Political reversals not always easy, even for the winners

The Alberta election resulted in the Progressive Conservatives losing power in that province after 44 years as government. A former NDP politician who won in a similar reversal in Ontario warns that there may not be much of a honeymoon period for the new government.
Rachel Notley is Alberta's next premier after the NDP swept through the province in this week's vote. (Dan Riedlhuber/Reuters)

The Alberta election resulted in the Progressive Conservatives losing power after 44 years as the government.

The New Democratic Party will now take the reigns for the first time in that province.

You might think that winning such a decisive landslide would guarantee a honeymoon period for the new kids on the block as they settle in to their cabinet offices. 

But Zanana Akande says think again.

Zanana Akande knows what it's like to win a surprise NDP victory over an established government. She was part of Bob Rae's cabinet, overturning the Liberals in 1990. She has some words of caution for Alberta's new NDP government.

She was one of the NDP politicians who came to power in Bob Rae's 1990 victory in Ontario, where the New Democrats won a surprise reversal over the Liberals.

Akande has some words of caution for Alberta's New Democrats: don't assume you won because they love you, or your policies.

Once you find yourself there, you find that you weren't entirely put there by people who supported you, but by people who wanted to demonstrate their opposition to what had been.- Zanana Akande

"When you begin to govern you find that they are not really supportive of some of the ways that you go about it, and some of the issues that you think are of great importance," she says.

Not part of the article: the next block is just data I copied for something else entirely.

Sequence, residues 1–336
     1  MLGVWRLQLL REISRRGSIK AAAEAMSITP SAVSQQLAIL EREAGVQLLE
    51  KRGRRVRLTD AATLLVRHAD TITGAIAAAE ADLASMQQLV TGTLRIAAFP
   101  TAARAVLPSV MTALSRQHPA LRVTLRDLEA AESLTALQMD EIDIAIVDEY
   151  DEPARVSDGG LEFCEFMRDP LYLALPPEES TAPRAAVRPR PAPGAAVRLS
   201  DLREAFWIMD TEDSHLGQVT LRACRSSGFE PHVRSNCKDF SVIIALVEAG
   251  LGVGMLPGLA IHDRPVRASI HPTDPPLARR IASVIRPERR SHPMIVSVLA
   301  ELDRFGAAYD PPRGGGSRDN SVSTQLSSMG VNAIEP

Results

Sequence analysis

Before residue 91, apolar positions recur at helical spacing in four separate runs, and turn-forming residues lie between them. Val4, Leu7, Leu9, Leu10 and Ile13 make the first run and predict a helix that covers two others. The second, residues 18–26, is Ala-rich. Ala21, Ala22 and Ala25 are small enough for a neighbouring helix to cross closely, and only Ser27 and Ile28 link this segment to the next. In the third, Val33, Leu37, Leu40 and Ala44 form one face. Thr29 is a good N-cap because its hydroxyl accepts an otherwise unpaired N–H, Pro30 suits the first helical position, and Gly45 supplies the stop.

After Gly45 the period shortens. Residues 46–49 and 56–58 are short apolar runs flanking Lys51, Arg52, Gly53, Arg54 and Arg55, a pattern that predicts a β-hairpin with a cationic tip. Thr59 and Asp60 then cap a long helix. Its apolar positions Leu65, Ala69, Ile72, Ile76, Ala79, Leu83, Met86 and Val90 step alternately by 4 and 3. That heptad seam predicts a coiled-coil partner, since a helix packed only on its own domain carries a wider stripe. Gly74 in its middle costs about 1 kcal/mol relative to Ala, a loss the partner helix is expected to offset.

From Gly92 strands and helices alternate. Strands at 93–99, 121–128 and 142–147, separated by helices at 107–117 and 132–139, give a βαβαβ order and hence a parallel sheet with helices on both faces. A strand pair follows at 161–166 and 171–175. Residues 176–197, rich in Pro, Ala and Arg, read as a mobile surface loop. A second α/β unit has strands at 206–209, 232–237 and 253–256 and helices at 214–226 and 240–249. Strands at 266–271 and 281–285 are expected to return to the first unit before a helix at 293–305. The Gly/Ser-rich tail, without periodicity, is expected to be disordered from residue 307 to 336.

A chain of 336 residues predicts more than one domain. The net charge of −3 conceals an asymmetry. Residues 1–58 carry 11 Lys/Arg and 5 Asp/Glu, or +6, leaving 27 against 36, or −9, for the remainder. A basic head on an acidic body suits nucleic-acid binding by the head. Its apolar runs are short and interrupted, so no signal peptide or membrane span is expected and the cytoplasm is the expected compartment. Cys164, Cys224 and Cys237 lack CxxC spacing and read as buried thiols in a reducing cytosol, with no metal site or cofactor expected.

"The compromise is that you begin to weigh and change a lot of your platform in a way that you hope the wider electorate will support you. Unfortunately, very often that means that you move so far from your platform that some of (your party's) members begin to feel that they have got on the wrong boat, and they begin to feel discontented."

Akande says working with bureaucrats and staffers who are entrenched in another party's politics, and trying to bring a whole cabinet of inexperienced politicians up to speed can also be challenging when a party takes power for the first time.

"I think the inexperience meant we were becoming accustomed to the processes of government at the same time as we were trying to build our case to get what we wanted," she explains.

She also cautions that the less experienced of Alberta's new MLA's may find there are new tensions to deal with when party ideals come up against pragmatic politics. She says in her experience, party leadership was looking ahead to future elections, and strategies that would allow the electorate to support the NDP on a continuing basis. On the other end of the spectrum, were young, activist candidates who wanted to use their electoral win to immediately put the party's platform into action.

"We have enough people outside who are questioning us without questioning each other, I would suggest that they just get together and see how much change they can affect, collectively, rather than dividing and making yet another hurdle for each fo them to climb over."


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